What to look for in methadone clinic software

April 30, 2006
| Reprints
IT solutions can save time, produce better data, and help with the bottom line

Database Functions

Clinic management software applications are built upon databases. Databases need to meet certain criteria to be sufficiently robust and offer full data protection.

Security. No clinic director would want or allow records to be changed by unauthorized staff members. The database should apply security policies, as well as include extensive audit trails regarding who changes records, what the changes are, and when changes are made. In addition, some software providers have created advanced security protocols that limit whether an individual can even view, much less change, certain types of information. The integrity of patient information is better protected when the software is designed from the outset to enforce this type of security.

Easy maintenance. Such protection should not come at a heavy burden. The database should be easy to maintain, and IT staff should be able to support the database on a full-time or contract basis for a reasonable cost.

Full suite of reports. The software should offer a full set of reports, especially those required to manage the clinic's day-to-day business. While each clinic may vary to some degree in how it chooses to deliver services, the type of information required to manage clinics is often very similar. A software provider with industry experience should provide most or all of the necessary reports and make them configurable (such as by date range or by various patient categories). For reports that are not included or for special reports, the software vendor should provide either a built-in report writer or the ability to access the database via third-party report writers.

Electronic transmission. One of the trends that software must continue to address is the capability to transmit or accept data electronically. Most software vendors provide this capability. Some have taken this a step further by allowing laboratories to transmit test result data to the clinical management application and directly populate the appropriate fields in patients’ records. This capability eliminates data entry errors, speeds up data availability and, of course, reduces costs.

Data aggregation. Some software companies offer the ability to store and aggregate data for multiple clinics. Consolidation within the industry is happening more and more, and companies are looking to perform their business analyses across entire corporate entities. For those organizations, software should have multiclinic capabilities that allow patients to be served when and where it is most appropriate, and patient information should be available to all clinics in the group.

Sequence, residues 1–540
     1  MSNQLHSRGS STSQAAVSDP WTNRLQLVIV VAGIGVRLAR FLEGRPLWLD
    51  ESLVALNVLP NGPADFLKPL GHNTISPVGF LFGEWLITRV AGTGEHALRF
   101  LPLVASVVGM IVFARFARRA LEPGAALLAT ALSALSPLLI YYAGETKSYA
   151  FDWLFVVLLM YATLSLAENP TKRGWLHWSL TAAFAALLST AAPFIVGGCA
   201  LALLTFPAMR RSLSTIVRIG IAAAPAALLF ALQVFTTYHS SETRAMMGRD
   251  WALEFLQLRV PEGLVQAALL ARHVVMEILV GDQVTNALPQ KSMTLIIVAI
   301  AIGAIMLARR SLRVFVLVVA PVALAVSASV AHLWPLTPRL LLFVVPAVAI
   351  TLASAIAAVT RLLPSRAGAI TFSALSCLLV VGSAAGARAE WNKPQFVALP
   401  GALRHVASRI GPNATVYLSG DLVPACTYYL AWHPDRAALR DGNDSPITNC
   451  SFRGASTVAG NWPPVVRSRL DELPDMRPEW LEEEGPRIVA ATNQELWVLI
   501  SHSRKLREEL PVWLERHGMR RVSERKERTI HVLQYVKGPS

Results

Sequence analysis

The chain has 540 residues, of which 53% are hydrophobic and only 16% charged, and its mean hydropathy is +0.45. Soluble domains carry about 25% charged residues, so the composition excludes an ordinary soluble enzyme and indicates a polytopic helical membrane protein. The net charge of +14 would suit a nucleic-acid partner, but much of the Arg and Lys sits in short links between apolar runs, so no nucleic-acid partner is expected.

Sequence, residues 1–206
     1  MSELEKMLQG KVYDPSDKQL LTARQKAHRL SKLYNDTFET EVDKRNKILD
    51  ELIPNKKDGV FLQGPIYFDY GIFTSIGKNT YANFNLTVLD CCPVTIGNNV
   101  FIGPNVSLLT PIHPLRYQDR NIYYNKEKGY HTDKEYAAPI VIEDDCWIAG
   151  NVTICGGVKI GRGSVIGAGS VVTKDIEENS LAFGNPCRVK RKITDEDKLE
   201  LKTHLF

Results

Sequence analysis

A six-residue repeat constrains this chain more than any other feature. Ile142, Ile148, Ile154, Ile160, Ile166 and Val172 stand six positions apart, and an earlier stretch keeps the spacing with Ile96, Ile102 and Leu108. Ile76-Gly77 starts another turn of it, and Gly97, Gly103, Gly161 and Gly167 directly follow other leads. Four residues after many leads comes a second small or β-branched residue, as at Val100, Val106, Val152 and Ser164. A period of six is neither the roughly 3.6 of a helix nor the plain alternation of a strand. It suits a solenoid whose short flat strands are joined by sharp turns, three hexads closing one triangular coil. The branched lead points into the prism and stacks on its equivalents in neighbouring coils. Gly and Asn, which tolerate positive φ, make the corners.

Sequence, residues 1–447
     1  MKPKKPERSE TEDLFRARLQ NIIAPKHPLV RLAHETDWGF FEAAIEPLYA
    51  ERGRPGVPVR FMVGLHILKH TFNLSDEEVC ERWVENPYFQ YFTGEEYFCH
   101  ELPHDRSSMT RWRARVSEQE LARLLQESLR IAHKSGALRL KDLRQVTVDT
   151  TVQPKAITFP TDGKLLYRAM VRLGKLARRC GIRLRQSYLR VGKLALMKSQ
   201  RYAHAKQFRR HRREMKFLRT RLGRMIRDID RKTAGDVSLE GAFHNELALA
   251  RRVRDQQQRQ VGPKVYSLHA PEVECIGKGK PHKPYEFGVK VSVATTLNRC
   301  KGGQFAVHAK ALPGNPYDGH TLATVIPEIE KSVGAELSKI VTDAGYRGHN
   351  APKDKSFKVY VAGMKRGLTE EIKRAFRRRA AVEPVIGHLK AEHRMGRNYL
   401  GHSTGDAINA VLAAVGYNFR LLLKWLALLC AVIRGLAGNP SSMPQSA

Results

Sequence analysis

Saving Money

Still, when all is said and done, the solution must deliver an appropriate ROI. Some software providers make ROI easier by spreading payments for support and upgrades over time. ROI is achieved easily when the software costs less than the costs of data entry, preparing for audits, or having extra staff record data manually. Consider several cost components:

  • purchase or lease price of the software;

  • cost of database maintenance;

  • technical support costs;

  • upgrades’ costs;

  • training costs; and

  • equipment costs, such as automated dispensing pumps, label printers, receipt printers, and digital cameras for patient photographs in the software (the cost associated with purchasing new hardware to run the software also should be considered, although these costs may be capitalized).

Make sure that the software package includes effective training and technical assistance, as well:

Training. Many experts agree that the most effective software training method is on-site training provided immediately before the clinic begins to use the application. Even more useful is having the trainer remain on-site to answer staff questions during the first few days the clinic uses the software. Having someone available to answer questions and coach the staff is especially crucial to fostering fast software adoption. It is at this early time that staff members judge how easy or difficult the software is to learn and use, thereby influencing their comfort level with the software.

Technical assistance. People make mistakes and forget what they have learned, especially when the software is feature-rich. A technical support team must be accessible year-round to answer questions or correct errors.

Conclusion

The opportunities for clinic directors to upgrade their operations have never been greater. By evaluating solutions within this framework, managers can allow their staff to meet their goals, increase service quality, create a better workplace, and deliver services more cost-effectively and efficiently than ever before.

David Blumenthal market software solutions for Netsmart Technologies, Inc.


Ray Stoddard market software solutions for Netsmart Technologies, Inc.

PreviousPage
of 2
Topics